It’s no wonder we hear this and fix our eyes on that part of the stage. We’re expecting God to go missing or impose judgement, but look out, behind you! Something prickled in Eli’s conscience and he knew it was the voice of the LORD speaking to Samuel. Could be something made Samuel get up and sit down beside Eli and wipe away his tears. And where did he learn that?

And all I’m saying is, what if that’s where God is?

If I’m onto something here, we’re going to need to learn some new stories, because we know this much: There’s grace in the sunlight, and grace in the donkey bray, and grace in the hot cup of tea. There’s God in the hospice nurse who packs up the things, and God in the church member who calls at exactly the right moment, and God in the thank you note, and God in the puppy who knows when you’re sick and won’t leave your side.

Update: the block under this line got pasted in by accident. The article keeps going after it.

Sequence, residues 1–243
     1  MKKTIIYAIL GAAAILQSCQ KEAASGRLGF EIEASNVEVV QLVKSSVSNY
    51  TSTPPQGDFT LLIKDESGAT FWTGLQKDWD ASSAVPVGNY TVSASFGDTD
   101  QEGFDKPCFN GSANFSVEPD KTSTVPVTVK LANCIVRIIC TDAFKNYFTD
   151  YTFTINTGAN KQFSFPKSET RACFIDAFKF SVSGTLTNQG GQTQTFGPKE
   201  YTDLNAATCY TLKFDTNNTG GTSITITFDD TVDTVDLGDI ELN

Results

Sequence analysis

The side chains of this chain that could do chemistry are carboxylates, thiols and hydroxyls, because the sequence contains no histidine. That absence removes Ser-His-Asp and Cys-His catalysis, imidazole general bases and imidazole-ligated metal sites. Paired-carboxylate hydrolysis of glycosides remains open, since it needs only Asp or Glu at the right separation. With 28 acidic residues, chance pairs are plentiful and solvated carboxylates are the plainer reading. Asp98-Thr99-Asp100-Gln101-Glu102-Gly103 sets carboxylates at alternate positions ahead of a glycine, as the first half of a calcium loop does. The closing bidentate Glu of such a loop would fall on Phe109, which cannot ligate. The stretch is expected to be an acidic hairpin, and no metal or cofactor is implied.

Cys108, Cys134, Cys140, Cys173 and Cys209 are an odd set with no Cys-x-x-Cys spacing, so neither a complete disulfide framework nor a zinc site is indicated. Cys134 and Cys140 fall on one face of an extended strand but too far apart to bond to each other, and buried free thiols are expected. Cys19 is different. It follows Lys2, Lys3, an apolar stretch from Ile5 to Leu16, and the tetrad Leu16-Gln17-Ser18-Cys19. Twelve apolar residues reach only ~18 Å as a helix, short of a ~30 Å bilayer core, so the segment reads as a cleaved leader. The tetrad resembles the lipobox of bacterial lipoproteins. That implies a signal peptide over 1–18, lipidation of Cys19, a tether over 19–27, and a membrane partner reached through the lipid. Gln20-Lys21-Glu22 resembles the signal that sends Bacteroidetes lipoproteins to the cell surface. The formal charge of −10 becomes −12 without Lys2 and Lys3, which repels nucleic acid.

When the question arises: Why is God doing this? Why is God letting this happen? We don’t have to say: Everything happens for a reason. We don’t have to say: When God closes a door, she opens a window. Instead, we have a different question: Where is God right now? Because look out, behind you!

If you have ever lived through the worst day, if you have ever sat where Eli is sitting and it’s your weeping that won’t relent, then you know. The air in the room changes, the time on the clock doesn’t make any sense. All around there’s a pulsing of angels, there’s a voice whispering Hold on… Just hold on. This is the Holy Spirit: He brought a casserole to put in your freezer, and he’s come to sit down beside you all the way until the sorrow breaks.

Behold. This is the LORD our God. Amen.